God knows our age. He honors age and aging, but He also has a plan for each one of us at this place in our senior years.
How do I walk closer to God in my later years? What is God’s plan for me in this season of life?
With aging bodies, ever-changing technology, and a recent global pandemic, author Diane Harper knows the challenges of living in the senior years, but she also knows the God who created her to “still bear fruit in old age” (Psalm 92:14). Throughout this devotional, Harper shares her stories and struggles, wisdom and insight on how to walk closer to God when He feels so far.
With topics such as aging, abiding in Christ, pain, relationships, and changes, each devotion includes a
· thought for the day
· space for journaling the occasional questions for further study and reflection.
Nothing More: Senior Reflections is Harper’s second devotional for those who are experiencing life’s later aging process. It will instill hope and purpose as it encourages seniors to live out their Christian faith, allowing nothing to come between them and Jesus—to need nothing more than Jesus.
Diane Harper is a seventy-something senior who has walked with God for over fifty-five years. Through her devotions, she shares her stories and wisdom from her journey with Christ to encourage other seniors in theirs. Diane has also published four novels in her Train Series that deal with abortion recovery, healing, and restoration. She has been married to Bruce for fifty-seven years, and they have five children, ten grandchildren, and two great-grandchildren.
I love Teresa's healing testimony. She chose the best way to receive a healing from the Lord. It's not the only way, but
“I have been blessed with good health for most of my life. But I had taken pride in thinking it was my doing and not God’s blessing. Now in the latter years of my life, I have been afflicted. I know some of the things I suffer are because I live in a fallen world. I also know God allows physical afflictions to get my attention.”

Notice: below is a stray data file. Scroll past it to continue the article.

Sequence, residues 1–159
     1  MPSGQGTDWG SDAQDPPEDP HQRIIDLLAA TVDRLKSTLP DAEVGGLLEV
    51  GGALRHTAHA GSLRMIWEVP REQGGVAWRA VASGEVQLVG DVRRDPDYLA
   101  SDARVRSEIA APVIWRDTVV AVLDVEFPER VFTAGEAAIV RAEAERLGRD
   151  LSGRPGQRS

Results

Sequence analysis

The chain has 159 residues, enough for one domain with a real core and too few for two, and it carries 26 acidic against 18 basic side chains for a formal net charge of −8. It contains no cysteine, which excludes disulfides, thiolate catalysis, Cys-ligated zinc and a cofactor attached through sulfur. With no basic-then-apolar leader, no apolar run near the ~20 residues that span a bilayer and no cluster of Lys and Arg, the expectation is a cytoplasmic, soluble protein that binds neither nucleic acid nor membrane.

We all have an “Isaac” we need to offer to God. It could be something very dear to our hearts. And after we let go of it, He may or may not take it from us. It could be a test, like it was for Abraham. What is my “Isaac”?
I want to be so in love with Jesus that I would not give a second thought if He asked me to sell everything, pack one small bag, and go—maybe like Abraham, not even knowing where I was going!
I realize now, closing in on the age of eighty . . . I have learned to be content with whatever, wherever, and whenever. Even if I don’t have my health, or I’m barely making ends meet, whatever the circumstances, I do have enough.
Sometimes it is hard for us seniors to embrace all this technology . . . God has blessed us beyond belief in gifting man’s mind to give us medical and communication technology to make our lives better. But it all needs to be measured in the light of this question: “Are we using it, or is it using us?”
I learned that I can’t serve Him in any way if there is even a hint of desire to bring glory to myself. When my focus is to bring Him the glory, out of that flows the excitement and joy of whatever He has called me to do.
The aging process is part of God’s plan, whether we like it or not. Instead of complaining about what we can’t do anymore, we need to ask God to show us what we can do.
All I have is today, or this moment . . . If I rush ahead either in action or thought, I will miss the now He has planned for me.
The symphony God composes in our lives is the most unbelievable musical masterpiece that tells our own unique story.
In our senior years, God doesn’t retire us. He redirects us